My understanding of brand comes from a textbook understanding acquired in school and later honed on Madison Ave.
Put simply, a brand is a face you present to the world backed by a set of principles and promises unique to you. Those principles and promises should be woven through your company’s employees, products and services and understood clearly by anyone who comes into contact with them.
Disney built a brand around a promise to deliver wholesome family entertainment. That promise lives in every one of their brand touch points (programming, retail operations, theme parks, etc.). As a result, the Disney brand has become synonymous with family entertainment the world over.
The benefits this creates for Disney and other successful brands are indisputable. A well-executed brand owns a sizable piece of real estate inside a consumer’s mind.
What makes a brand
Pictured here is the Zappos “Culture Book,” a copy of which arrived at my house a couple weeks. Inside are excerpts from hundreds of statements written by employees that describe what Zappos means to them.
A common theme ensues from these excerpts. This occurs because at the very root of Zappos lie a set of unwavering principles and promises. Every decision, every action, must answer to them.
The result is breathtaking. The Zappos pledge is delivered through every pore in the company’s body. They have ensured that the brand means exactly the same thing to everyone touched by it.
The Zappos brand would hardly enjoy the success it has today (millions of customers, rocketing sales, expansion into new categories) if every one of those employees had a different sense of what Zappos means.
This kind of success, unfortunately, is all too rare in real estate, where the lines many brands cast out into the marketplace contain no bait.
Assign this line of thinking to any real estate company. What makes Bob’s Realty different from Dave’s Realty? Personally, I couldn’t even begin to tell you. My guess is most people inside these companies can’t either.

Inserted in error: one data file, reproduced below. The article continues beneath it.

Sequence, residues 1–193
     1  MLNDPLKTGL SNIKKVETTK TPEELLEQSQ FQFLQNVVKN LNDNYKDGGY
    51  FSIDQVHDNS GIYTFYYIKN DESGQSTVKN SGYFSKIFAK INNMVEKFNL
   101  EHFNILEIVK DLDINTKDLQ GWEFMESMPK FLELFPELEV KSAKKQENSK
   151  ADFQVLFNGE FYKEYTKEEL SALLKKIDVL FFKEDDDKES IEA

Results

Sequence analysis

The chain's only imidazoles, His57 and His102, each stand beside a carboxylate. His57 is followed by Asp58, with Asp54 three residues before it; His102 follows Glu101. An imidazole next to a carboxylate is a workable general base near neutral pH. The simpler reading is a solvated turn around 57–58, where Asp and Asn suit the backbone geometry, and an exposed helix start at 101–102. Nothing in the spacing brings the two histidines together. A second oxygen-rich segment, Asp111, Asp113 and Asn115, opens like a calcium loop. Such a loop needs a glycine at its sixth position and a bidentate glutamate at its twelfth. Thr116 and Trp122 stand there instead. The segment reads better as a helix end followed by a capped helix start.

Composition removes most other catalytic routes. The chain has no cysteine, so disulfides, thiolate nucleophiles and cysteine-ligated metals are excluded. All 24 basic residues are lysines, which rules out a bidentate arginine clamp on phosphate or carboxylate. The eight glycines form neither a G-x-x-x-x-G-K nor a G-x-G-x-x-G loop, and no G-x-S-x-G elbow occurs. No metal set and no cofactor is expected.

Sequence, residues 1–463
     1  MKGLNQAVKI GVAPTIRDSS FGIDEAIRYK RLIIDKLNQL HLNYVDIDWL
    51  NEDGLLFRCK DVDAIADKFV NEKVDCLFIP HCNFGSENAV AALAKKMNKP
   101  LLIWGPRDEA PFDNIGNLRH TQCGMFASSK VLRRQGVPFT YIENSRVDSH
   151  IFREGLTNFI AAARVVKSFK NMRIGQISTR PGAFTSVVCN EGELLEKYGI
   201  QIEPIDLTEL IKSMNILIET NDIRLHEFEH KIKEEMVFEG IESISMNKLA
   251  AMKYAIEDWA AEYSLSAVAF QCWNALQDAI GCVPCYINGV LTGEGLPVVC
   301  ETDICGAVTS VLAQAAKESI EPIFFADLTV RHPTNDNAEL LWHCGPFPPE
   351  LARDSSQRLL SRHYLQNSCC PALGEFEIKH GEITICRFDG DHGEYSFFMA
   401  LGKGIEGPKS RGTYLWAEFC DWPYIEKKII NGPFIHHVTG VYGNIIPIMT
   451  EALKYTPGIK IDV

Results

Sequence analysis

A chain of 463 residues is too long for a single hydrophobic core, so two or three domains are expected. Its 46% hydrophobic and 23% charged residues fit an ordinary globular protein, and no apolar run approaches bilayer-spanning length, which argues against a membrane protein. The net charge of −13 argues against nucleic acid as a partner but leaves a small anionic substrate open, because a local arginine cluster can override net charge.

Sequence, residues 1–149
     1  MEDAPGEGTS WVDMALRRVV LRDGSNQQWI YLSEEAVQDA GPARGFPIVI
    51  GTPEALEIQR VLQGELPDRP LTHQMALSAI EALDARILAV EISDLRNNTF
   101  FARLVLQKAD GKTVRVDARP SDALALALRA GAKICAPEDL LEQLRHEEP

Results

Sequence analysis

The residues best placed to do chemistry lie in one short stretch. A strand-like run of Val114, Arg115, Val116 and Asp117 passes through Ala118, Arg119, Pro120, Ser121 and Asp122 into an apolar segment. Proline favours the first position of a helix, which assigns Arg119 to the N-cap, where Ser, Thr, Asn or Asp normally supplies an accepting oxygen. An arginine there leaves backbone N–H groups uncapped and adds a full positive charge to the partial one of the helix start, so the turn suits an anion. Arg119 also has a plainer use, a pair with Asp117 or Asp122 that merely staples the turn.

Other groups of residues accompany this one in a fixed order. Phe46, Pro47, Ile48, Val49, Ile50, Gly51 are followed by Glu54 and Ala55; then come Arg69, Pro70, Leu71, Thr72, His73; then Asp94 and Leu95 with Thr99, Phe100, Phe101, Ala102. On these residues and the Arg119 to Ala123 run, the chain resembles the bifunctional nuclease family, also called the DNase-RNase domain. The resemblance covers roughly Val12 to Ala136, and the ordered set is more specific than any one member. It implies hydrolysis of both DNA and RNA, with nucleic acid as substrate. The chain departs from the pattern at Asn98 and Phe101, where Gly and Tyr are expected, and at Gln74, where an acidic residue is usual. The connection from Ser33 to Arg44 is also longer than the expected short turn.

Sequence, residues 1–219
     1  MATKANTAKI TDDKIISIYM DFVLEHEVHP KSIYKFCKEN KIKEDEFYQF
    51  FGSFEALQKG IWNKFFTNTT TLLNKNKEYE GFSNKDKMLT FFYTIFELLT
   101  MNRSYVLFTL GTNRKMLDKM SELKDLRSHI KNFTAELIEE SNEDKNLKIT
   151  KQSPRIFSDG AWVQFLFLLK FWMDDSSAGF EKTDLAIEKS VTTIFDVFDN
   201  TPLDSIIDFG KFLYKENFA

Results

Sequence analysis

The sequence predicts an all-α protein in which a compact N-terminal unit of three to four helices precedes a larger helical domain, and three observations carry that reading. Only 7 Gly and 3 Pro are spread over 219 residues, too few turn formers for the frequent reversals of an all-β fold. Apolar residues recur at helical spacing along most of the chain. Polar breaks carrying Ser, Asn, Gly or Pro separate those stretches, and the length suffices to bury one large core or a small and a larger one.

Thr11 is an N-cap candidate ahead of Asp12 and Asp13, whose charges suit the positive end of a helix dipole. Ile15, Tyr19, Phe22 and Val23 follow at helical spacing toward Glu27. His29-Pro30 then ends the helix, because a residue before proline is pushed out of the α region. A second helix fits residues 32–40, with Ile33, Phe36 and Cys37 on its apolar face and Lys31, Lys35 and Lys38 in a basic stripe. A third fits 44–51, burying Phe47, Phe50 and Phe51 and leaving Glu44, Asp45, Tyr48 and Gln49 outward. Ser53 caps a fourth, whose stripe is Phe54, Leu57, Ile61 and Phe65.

In these times, that could mean disaster.
A simple brand test
Last week, while delivering a presentation on branding, I asked each attendee what their personal brand stood for. Most said it was customer service.
So I gave them a simple brand test:
I asked if they could recite the greeting that currently resides on their voice mail. After all, if customer service defines their brand, they should be aware of what their message says — especially given the fact that they were in the middle of a daylong meeting.
Most could not recall. Some had a hunch. One person knew.
I paused, questioning whether they had even built a brand at all.
Are you a brand or just a recognized name known for being around a while?
It’s important to ask yourself this question and get clear on the answer because the time and money you are investing in “building your brand” today may in fact be misdirected.
Who are you? What makes you different? What are the principles and promises that define you? What do you do to enforce them?
Nike employees 350 people to oversee their brand. How many have you employed?
If you determine you’ve gotten off track, you can get back on.
Target did it. Cadillac did it (pre-meltdown). You can too.
There are lots of ways to do it today:
The brand Obama does it on Facebook. Scion does it through its website JetBlue does it through Twitter Victoria’s Secret reveals it on YouTube Kodak snaps it through their blog
So instead of placing more forms on your website pages, or throwing gobs of cash at SEO, or creating web pages full of platitude graffiti, think about promises, principles and creating a culture that reverences them.
Try the Zappos shoe on for size.
– Davison Twitter: 1000wattmarc